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Although Japanese style tattoos are the boldest and best-known of the Asian tattoo practices, the tradition of Buddhist tattooing has been going on quietly for centuries. Now with tattooing becoming more mainstream in Western cultures, and with increased contact with the various Asian countries and expanding knowledge of their histories and cultures, more people are aware of and interested in Buddhist tattooing.
Unlike Western tattooing which frequently is pursued either to signal membership to a select group, or to announced rejection of mainstream values, tattooing in the Buddhist tradition comes from a place of spirituality and personal meaning. It has one of the strongest histories of written text within the designs, as many of the applied patterns are in fact prayers and blessings with not as much emphasis put on pictorial images. When a Thai or Chinese Buddhist goes to get a tattoo, it is most often being done as part of that person's spiritual work, with supplication a prime component behind the choice of design and placement of the final tattoo. Tattoo artists who do this sort of work are often Buddhist priests or monks.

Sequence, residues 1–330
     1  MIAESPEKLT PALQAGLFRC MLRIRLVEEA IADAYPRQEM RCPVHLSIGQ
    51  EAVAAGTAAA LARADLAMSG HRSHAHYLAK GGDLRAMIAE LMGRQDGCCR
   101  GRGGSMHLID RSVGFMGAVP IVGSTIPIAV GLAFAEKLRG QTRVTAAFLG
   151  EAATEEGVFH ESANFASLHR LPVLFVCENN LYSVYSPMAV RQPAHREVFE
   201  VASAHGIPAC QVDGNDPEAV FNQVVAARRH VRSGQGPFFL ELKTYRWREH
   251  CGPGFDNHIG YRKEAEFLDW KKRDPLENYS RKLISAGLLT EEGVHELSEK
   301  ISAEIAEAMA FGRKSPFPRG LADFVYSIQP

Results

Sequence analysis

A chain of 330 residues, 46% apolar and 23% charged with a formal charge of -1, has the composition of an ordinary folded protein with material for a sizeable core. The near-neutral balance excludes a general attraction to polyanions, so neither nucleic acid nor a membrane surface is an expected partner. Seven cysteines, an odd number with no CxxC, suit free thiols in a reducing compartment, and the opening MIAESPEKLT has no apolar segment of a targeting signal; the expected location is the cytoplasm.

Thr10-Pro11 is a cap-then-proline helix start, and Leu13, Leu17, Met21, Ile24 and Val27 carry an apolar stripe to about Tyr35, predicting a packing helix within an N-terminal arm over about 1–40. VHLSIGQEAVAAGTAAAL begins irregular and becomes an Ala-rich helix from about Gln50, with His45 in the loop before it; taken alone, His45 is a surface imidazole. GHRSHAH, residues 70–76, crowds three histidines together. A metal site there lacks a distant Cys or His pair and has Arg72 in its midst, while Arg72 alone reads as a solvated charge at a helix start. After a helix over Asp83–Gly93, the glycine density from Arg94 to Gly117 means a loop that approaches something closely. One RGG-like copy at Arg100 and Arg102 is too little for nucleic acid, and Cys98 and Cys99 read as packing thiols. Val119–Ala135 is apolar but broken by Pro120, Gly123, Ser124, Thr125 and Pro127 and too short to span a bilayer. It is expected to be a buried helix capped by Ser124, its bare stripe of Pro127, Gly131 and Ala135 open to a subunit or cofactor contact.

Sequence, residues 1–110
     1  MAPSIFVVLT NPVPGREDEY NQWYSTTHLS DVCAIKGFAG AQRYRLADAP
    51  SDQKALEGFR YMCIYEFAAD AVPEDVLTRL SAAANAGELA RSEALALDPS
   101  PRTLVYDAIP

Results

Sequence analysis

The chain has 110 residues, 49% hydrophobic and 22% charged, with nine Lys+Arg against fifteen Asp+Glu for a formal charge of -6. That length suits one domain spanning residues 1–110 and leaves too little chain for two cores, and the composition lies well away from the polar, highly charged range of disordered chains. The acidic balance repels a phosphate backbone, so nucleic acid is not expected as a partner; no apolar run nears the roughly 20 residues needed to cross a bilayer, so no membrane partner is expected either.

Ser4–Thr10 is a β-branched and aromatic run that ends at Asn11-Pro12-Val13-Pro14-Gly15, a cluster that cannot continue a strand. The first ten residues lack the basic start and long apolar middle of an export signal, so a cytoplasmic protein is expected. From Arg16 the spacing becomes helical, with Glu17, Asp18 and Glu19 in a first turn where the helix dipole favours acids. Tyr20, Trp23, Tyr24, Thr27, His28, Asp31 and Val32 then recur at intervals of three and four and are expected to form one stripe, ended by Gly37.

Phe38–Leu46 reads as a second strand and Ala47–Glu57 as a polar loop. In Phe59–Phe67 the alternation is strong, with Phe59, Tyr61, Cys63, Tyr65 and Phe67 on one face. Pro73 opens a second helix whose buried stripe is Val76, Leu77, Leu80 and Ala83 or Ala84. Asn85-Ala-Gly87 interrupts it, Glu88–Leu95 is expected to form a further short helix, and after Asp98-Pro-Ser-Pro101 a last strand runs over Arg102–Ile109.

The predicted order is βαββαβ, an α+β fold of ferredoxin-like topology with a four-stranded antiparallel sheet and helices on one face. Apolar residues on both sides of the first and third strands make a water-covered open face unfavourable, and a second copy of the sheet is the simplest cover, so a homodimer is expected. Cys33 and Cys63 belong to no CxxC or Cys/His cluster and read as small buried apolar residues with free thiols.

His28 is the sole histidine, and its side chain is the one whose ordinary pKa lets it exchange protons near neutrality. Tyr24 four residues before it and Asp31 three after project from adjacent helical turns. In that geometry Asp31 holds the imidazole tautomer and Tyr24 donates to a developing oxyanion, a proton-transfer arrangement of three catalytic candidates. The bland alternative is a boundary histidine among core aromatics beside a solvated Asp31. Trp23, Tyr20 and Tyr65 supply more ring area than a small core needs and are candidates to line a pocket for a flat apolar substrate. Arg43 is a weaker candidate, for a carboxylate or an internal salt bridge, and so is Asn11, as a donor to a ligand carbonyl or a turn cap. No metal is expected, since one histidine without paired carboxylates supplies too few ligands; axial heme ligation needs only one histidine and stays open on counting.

Most often executed by traditional hand methods, the tattoos are applied using a long, sliding needle that moves up and down inside a metal tube. The finished designs have a pointillist quality to them as all the small dots are left more unconnected than in modern, machine tattooing. Sometimes the tattoo process is accompanied by the making of special offerings to various deities or the recitation of prayers as the tattoo is being inked.
Although the prayers and images are guided by Buddhist tenets, the wishes and motivations behind the skin designs remain universal. Themes such as health, luck, strength, success and prosperity are just as popular as they are in the West, just illustrated very differently. Animals from the Buddhist tradition make frequent appearances: tigers, lions, peacocks, snakes and elephants are among the more commonly seen.
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